The son of a former Premier of Western Australia, Hugo Throssell, volunteered to join the Imperial Australian Force which was shipped to Gallipoli in 1915. He was a member of the 10th Australian Light Horse which fought in a dismounted role in Gallipoli. He was involved in the famous charge of the 10th Light Horse at the Battle of the Nek and the Battle of Hill 60 where his actions saw him being awarded the Victoria Cross. During that battle Throssell was severely wounded a number of times when the enemy attacked his position, but he refused to leave his post or to seek medical attention until the attack had been beaten off. As soon as his wounds were dressed he went back out into the firing line. His determination saved his battalion at a critical moment in the battle. After the war Hugo Throssell became an outspoken opponent of war. It also meant that he found employment difficult and he fell into debt. When he tried to pawn his Victoria Cross he was offered only 10 shillings for it - such was the price of valour. He committed suicide aged forty-nine.Meticulously researched, and beautifully written, this is a moving tale of heroism and patriotism which ended in sad and disturbing circumstances.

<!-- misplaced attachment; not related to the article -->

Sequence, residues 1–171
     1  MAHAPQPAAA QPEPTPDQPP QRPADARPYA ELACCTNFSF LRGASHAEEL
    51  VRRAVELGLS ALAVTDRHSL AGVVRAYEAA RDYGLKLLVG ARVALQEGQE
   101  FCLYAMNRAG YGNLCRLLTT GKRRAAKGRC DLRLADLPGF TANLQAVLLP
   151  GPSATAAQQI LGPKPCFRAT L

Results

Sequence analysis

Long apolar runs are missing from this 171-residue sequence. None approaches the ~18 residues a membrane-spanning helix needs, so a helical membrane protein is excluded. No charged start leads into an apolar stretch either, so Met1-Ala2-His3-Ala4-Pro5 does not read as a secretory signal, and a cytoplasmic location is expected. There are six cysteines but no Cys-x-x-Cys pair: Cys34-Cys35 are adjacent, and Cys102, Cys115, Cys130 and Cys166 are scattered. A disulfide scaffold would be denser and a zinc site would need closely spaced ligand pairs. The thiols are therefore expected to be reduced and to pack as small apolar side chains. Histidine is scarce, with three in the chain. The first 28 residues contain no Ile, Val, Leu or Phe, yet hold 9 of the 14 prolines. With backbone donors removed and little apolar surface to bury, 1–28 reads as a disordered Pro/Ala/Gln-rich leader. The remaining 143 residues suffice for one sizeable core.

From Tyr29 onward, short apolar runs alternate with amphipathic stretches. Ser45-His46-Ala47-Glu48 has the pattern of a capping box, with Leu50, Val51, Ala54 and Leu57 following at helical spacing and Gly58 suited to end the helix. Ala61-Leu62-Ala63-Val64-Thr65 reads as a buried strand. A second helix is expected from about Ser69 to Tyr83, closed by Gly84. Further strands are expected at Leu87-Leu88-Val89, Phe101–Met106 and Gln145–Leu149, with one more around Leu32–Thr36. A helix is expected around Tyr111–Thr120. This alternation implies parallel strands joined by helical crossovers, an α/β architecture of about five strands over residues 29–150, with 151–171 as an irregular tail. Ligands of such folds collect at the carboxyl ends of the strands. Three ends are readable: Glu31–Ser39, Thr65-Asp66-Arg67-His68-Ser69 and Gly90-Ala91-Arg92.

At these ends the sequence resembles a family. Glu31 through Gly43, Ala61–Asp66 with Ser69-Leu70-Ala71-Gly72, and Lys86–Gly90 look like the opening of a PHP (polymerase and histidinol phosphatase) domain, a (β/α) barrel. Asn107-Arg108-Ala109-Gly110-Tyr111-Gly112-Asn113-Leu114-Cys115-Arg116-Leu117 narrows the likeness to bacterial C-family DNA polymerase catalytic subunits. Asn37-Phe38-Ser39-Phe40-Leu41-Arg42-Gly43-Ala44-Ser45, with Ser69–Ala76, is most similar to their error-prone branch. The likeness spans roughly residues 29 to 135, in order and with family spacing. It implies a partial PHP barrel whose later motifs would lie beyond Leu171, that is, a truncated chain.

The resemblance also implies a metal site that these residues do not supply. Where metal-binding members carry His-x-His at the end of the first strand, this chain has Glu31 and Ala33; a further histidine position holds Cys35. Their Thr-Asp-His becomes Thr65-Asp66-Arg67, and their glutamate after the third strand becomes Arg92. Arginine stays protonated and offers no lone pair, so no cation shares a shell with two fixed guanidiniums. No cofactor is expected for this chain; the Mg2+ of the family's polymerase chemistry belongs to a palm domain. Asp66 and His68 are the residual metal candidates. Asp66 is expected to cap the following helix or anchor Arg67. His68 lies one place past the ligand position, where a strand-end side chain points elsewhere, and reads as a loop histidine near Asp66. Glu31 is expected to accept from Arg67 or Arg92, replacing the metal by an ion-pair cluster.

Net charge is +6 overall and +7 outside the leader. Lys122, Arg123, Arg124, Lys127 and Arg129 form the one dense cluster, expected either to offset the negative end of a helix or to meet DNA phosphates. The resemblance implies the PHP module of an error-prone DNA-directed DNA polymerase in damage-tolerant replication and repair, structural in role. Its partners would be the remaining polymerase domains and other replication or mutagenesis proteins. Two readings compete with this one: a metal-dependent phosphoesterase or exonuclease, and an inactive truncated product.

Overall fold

JOHN HAMILTON was born in England and migrated to Western Australia with his family. After serving in the Royal Australian Navy he worked as an award-winning reporter and foreign correspondent for more than forty years. His interest in Gallipoli began in 2000 when he was assigned to cover the 85th anniversary of the landings at Anzac Cove.